The initiative will be expanded to every NHS trust in the capital as part of efforts to identify undiagnosed HIV cases and offer effective early treatment.
More than 1,600 people in London were living with undiagnosed HIV in 2020, which is around a third of the estimated number of people in the UK who are not aware they have the virus. Treating the disease in its early stages is key to preventing health complications, premature death and onward transmission.
In an opt-out testing regimen, patients are informed that they are receiving an HIV test but can decline if they wish. It has been implemented in maternity services since 2000.
Emergency departments in several London hospitals have already been carrying out the policy since 2016 with successful results. Croydon University Hospital, which began opt-out testing for HIV in early 2020, has seen its number of ward patients presenting with AIDS-defining illnesses halve since 2019.
Dr Ian Cormack, clinical lead on HIV Medicine at the hospital, told the Standard that the policy would “dramatically improve” patient outcomes and help to destigmatise testing.
“It’s very important to normalise HIV testing and make it routine. With opt-out testing, people are not targeted to have a test and healthcare professionals don’t have to worry about offending a patient by offering one to them.
“We need to change the culture – HIV is a straightforward condition to treat with very good outcomes. The more testing that we do, the more awareness we have.”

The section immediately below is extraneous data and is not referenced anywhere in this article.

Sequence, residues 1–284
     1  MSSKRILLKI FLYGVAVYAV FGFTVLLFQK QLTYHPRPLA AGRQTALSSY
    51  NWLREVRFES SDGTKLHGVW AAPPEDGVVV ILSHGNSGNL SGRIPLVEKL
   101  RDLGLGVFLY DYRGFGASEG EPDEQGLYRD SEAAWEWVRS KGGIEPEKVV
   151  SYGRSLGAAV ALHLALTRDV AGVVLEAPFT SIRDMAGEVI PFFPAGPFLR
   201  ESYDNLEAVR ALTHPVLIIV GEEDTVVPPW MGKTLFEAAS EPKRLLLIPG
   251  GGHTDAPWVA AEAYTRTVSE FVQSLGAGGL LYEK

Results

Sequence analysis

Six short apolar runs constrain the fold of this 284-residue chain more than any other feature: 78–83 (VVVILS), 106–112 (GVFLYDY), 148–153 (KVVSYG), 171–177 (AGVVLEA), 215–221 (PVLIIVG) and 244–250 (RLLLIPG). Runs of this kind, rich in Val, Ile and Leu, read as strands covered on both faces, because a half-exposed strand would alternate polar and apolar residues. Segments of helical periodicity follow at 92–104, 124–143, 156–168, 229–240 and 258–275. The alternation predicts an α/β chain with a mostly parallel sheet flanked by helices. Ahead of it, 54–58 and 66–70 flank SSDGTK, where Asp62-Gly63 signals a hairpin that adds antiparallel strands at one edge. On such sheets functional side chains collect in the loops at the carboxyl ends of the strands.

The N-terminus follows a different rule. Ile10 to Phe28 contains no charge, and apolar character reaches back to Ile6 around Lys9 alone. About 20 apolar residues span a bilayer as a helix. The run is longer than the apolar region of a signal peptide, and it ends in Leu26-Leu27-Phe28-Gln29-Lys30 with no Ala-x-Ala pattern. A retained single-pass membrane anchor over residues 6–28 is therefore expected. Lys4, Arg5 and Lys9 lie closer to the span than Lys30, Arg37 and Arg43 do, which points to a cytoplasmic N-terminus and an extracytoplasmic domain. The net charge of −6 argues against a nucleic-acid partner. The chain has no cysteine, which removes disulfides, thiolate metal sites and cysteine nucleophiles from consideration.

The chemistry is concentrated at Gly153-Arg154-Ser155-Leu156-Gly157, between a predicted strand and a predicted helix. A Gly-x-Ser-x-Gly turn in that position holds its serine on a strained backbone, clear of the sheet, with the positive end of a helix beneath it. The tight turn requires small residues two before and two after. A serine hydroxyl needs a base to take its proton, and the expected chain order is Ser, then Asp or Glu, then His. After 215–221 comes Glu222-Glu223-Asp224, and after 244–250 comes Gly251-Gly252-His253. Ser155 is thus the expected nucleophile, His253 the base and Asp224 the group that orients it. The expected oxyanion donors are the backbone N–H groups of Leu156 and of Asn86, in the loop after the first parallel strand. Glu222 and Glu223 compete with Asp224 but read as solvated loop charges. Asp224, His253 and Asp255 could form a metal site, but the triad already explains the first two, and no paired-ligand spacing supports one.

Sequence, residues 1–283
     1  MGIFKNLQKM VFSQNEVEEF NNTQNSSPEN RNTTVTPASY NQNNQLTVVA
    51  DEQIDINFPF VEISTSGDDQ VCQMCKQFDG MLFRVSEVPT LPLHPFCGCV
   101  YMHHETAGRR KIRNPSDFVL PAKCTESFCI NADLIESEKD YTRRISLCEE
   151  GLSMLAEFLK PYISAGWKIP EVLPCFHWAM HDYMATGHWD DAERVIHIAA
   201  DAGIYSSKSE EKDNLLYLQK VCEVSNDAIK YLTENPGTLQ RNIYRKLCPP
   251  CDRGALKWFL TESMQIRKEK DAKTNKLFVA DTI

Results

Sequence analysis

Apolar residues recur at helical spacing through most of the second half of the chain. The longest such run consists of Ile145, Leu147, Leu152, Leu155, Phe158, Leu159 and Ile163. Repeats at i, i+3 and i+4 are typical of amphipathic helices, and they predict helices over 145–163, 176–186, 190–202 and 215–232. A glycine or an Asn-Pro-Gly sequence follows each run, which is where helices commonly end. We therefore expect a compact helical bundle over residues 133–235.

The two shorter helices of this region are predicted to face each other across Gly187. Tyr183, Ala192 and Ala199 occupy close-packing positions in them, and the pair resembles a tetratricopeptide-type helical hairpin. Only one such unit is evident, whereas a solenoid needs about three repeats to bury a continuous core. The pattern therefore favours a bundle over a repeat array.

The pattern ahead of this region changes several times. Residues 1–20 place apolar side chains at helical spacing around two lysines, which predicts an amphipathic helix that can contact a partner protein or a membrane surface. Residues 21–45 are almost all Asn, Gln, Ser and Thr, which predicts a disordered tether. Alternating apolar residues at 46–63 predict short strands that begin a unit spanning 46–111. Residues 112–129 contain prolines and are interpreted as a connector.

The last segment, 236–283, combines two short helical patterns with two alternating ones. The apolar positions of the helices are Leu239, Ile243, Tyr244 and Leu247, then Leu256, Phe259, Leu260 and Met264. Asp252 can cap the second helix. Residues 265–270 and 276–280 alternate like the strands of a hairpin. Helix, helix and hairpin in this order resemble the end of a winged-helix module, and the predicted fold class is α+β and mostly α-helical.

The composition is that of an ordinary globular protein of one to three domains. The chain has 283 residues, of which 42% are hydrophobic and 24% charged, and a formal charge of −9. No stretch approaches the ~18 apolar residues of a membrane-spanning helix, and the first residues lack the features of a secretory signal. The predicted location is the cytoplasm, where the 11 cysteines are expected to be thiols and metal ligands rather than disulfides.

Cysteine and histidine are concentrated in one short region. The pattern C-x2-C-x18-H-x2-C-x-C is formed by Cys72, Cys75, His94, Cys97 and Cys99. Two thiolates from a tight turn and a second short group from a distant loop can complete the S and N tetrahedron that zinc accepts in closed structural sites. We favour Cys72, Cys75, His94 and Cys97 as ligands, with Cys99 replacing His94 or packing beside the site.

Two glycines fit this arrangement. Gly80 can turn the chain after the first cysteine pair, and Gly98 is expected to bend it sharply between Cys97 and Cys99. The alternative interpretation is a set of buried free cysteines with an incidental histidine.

Dr Cormack said it was important to promote “positive messages” around HIV.
“Anyone who is diagnosed early will have an extremely good life expectancy,” he added. “Many of our patients are living well into their 90s on treatment.”
Most HIV testing has historically taken place in sexual health clinics, but doctors fear that this has proved a barrier to access for some communities. In 2020 across England, 29 per cent of gay and bisexual men were diagnosed late, compared with 59 per cent of Black African heterosexuals, according to NHS figures.
Dr Cormack said that the opt-out testing programme would help “address those gaps”, adding: “It reaches those people that otherwise might not have access to those clinics, or that might be worried about coming to have a test.”
Oliver Brown, a Lieutenant Commander in the Royal Navy, was diagnosed with HIV in 2019 after taking an opt-out test at A&E at Chelsea and Westminster Hospital following a cycling accident. He told the Standard that the test “changed his life”.
“It wouldn’t have happened if I hadn’t been in that hospital on that day. I had two HIV tests prior to that date, one I had sought and another I had been offered. But when you look at sexual health access in a military environment, opportunities don’t always arise to take a test.”
In June this year, the Armed Forces announced that personnel taking suppressive treatment for HIV and with no detectable virus would be allowed to serve. Mr Brown, 31, hopes the move will “open doors” for those reluctant to take a test for fear of ruining their military career.
“The rollout of opt-out testing in London is a massive step forward and will change people’s lives. I would rather live with HIV knowing about it and being on treatment than not. It doesn’t hold me back.”
NHS Medical Director in London, Dr Chris Streather, said: “Offering this routine testing in all EDs in London is fantastic, so we can identify those who may not know they are living with HIV, get them the treatment to live long healthy lives and avoid future inpatient NHS care.”
The policy comes as part of the Government’s ambition to eradicate HIV transmissions by 2030, with £5m of funding provided to emergency departments to introduce opt-out testing across the capital.
Hepatitis B and C will also be checked as part of a combined blood borne virus testing approach.